A spiritual journey
Kayaker overcomes many obstacles during trip

by Jeff Colbourne
Northern News Services

REPULSE BAY (Sep 17/97) - Since moving to Repulse Bay three years ago, Alex Stuit has had it in his mind to kayak to Wager Bay.

After planning for six months, he took the summer off and worked up the courage to go. But, as he explains, it wasn't an easy journey.

"When I left I thought I was Mr. Kayaker. After I came back, on a scale of 1 to 10 I figure I was about a three when I left. Coming back, I was a seven or eight," said Stuit.

"I left at 218 pounds. I came back and weighed in at 204."

He left Repulse Bay in his kayak July 26, riding the waves with ease. It wasn't until he got further out to sea that he realized how difficult it would be.

Reading from his journal, Stuit describes what he saw after pulling ashore three days out.

"I went to check kayak, pulled out tent pole. Have to make decision whether to travel today or wait till tomorrow. I looked over along the coast and froze. At first I couldn't believe what I was seeing. Gradually my eyes focused on a mass of off-white coats and I realized it was polar bears, one mother, two cubs. Seeming oblivious to me, heading my way."

Running into polar bears was not the only problem Stuit would have to tackle during his travels. On Aug. 2, after arriving at the mouth of Wager Bay, his food rations and fuel were running low.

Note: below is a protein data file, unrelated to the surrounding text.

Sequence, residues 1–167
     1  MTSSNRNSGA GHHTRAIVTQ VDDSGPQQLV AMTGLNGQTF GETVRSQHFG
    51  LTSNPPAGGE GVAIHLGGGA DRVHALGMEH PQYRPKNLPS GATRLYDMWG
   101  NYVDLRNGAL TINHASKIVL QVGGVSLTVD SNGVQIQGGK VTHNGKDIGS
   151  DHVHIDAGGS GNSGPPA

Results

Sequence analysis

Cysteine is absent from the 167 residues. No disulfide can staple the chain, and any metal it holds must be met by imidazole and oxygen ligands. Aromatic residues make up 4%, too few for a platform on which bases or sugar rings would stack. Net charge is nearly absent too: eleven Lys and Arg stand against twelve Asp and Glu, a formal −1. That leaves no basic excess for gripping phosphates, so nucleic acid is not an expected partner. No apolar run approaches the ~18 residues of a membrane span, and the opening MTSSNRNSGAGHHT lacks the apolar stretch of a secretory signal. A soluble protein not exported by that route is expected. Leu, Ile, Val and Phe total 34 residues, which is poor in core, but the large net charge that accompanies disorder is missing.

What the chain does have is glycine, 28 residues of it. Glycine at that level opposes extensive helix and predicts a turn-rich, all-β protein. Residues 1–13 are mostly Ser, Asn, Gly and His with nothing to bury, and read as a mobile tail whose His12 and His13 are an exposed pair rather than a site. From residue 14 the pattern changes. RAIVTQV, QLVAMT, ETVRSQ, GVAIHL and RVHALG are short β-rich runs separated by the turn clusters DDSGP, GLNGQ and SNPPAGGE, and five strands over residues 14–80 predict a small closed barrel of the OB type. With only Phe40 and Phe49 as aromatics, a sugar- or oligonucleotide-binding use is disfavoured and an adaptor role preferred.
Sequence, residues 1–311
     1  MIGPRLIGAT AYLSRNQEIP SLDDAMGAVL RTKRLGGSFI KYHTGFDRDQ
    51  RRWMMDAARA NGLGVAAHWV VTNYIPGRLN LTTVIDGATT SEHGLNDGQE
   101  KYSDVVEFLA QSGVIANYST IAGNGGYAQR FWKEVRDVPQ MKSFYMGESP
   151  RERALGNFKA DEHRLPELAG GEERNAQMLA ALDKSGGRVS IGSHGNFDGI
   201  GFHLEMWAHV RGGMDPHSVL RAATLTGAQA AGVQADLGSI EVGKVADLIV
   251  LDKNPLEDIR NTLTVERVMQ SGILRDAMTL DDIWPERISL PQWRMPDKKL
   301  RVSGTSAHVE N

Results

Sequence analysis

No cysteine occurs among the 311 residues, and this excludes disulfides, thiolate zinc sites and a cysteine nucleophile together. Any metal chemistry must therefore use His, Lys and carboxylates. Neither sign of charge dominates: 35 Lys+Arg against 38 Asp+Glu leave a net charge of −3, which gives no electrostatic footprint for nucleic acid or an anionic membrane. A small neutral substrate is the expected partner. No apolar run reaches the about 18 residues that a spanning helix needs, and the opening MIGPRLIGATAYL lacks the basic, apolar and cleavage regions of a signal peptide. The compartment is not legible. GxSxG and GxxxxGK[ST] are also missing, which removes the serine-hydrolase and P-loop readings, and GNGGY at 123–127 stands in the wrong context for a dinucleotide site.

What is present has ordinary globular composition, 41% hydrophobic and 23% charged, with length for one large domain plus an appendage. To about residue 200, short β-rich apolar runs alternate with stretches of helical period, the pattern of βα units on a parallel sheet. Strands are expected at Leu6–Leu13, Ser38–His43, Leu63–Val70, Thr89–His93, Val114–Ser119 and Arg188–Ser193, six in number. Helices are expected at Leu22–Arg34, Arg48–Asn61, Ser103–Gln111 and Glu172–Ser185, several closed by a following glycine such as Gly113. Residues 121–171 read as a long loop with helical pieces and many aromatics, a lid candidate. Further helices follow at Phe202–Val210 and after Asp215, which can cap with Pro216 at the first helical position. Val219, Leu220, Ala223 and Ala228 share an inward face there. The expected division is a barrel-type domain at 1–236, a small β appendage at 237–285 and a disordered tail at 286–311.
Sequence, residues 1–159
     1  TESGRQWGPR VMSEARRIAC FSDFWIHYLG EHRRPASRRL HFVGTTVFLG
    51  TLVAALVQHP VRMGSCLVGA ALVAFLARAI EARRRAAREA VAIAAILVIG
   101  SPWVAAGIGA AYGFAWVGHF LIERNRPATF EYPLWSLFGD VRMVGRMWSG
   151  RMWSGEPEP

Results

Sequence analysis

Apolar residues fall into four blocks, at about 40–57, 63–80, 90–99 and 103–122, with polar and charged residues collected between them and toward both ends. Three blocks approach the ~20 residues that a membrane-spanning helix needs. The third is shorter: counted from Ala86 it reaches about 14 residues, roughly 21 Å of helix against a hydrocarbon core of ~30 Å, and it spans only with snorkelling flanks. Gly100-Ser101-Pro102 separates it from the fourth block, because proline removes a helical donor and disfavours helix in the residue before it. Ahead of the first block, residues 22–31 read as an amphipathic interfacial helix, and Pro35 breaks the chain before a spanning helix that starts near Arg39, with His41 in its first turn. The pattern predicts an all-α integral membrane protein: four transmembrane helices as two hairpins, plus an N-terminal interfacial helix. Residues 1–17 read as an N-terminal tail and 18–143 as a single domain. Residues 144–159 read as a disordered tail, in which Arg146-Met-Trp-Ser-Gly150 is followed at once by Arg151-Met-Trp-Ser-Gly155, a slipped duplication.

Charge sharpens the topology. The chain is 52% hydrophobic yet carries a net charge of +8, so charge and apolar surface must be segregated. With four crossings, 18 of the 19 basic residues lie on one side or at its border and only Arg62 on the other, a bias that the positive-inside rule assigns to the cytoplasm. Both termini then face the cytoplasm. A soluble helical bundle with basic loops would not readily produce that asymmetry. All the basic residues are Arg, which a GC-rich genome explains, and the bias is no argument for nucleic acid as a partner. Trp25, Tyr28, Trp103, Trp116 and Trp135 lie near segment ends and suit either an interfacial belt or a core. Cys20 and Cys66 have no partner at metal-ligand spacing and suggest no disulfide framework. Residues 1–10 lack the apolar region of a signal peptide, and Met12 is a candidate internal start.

"A caribou did come along my way and I tried to bag it but my rifle was all rusted up with the salt water. I didn't know what to do because I was low on food," he said.

"The rifle didn't work and here I am in polar bear country. I looked for my gun oil, but I had forgotten it at home and guess what I used? Pre-sun 29 sun screen. Sun screen on the bolt and I put it back in and it worked no problem. I was able to get a caribou three days before I was picked up."

Stuit, though equipped with a personal locator beacon, began to worry.

He attempted to radio for help with an old VHF radio, but he was too far away from town to get through.

His only comfort came when he read passages from Pierre Burton's The Arctic Grail.

A few days later he tried the radio again and this time managed to reach someone at Sila Lodge and arranged to have naphtha and food sent to him by boat.

Unfortunately, bad weather kept the boat from reaching Wager.

On Aug. 10, a boatload of tourists arrived, led by Rankin Inlet outfitter John Hickes.

"When they came to get me I had a bunch of meat drying and I was just pigging out on caribou," said Stuit.

Stuit decided to join the tour and go to Sila Lodge where he stayed for another five days before making it home.

"It was a incredible trip. It was a quest almost. There was a very, very low point when I couldn't reach anybody for three or four days. And then when my GPS quit I was really, really worried," he said.

"It was a spiritual journey," Stuit concluded.